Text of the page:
Background: The ability to detect disease outbreaks early is important in order to minimize morbidity and mortality through timely implementation of disease prevention and control measures. Many national, state, and local health departments are launching disease surveillance systems with daily analyses of hospital emergency department visits, ambulance dispatch calls, or pharmacy sales for which population-at-risk information is unavailable or irrelevant.
Methods and findings: We propose a prospective space-time permutation scan statistic for the early detection of disease outbreaks that uses only case numbers, with no need for population-at-risk data. It makes minimal assumptions about the time, geographical location, or size of the outbreak, and it adjusts for natural purely spatial and purely temporal variation. The new method was evaluated using daily analyses of hospital emergency department visits in New York City. Four of the five strongest signals were likely local precursors to citywide outbreaks due to rotavirus, norovirus, and influenza. The number of false signals was at most modest.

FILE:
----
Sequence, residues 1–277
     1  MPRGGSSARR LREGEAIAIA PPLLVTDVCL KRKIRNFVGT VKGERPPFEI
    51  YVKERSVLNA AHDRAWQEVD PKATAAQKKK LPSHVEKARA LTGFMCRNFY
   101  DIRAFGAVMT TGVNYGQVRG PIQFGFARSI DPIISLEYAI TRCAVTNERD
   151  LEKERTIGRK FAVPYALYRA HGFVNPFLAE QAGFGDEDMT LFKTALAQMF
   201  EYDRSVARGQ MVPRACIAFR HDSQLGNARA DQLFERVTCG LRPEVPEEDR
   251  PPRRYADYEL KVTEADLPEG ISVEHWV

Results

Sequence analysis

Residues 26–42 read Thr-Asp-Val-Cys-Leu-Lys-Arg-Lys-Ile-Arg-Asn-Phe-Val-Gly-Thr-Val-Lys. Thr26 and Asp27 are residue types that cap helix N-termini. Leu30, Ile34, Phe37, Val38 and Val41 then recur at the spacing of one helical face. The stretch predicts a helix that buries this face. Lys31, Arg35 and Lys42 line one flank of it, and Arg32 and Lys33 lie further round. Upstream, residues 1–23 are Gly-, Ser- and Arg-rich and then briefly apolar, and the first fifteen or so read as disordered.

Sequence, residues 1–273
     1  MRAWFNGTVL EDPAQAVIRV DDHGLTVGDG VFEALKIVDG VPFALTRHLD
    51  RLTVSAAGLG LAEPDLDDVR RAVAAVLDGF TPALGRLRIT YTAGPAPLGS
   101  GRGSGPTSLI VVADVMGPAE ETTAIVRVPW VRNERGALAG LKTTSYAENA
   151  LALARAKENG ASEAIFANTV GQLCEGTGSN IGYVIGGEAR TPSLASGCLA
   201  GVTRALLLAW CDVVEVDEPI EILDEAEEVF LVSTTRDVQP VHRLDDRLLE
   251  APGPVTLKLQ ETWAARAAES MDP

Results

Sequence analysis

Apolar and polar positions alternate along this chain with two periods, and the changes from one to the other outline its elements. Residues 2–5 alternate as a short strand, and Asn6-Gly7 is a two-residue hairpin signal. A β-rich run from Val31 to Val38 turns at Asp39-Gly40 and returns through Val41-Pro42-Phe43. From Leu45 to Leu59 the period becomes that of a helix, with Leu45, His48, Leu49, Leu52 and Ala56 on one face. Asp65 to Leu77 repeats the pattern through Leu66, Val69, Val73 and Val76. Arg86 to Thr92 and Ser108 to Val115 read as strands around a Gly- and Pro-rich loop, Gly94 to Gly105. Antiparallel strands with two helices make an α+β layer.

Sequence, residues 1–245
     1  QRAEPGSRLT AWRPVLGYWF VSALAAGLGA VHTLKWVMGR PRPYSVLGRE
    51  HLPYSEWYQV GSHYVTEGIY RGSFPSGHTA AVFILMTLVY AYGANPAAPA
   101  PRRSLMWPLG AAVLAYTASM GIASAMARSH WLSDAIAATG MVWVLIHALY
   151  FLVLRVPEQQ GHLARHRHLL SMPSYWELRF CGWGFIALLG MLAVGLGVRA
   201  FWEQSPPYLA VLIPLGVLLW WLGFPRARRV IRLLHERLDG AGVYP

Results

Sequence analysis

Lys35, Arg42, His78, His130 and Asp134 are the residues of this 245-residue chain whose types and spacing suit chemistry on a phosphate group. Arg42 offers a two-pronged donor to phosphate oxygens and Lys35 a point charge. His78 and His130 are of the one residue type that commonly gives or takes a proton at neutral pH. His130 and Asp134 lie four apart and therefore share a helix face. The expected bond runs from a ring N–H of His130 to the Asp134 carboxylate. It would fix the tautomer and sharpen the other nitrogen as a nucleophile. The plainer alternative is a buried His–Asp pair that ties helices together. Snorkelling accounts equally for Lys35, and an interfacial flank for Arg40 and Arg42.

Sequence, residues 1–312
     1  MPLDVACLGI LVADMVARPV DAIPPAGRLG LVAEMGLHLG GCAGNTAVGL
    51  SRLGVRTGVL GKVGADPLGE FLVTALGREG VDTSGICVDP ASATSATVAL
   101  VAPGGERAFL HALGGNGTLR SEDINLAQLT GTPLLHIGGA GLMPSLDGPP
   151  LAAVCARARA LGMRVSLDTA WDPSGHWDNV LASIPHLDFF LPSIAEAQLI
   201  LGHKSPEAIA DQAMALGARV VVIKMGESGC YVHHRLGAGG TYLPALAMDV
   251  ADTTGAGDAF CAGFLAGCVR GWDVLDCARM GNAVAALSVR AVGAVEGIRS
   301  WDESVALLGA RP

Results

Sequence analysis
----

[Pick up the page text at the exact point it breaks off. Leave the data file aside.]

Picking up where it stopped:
Conclusion: If such results hold up over longer study times and in other locations, the space-time permutation scan statistic will be an important tool for local and national health departments that are setting up early disease detection surveillance systems.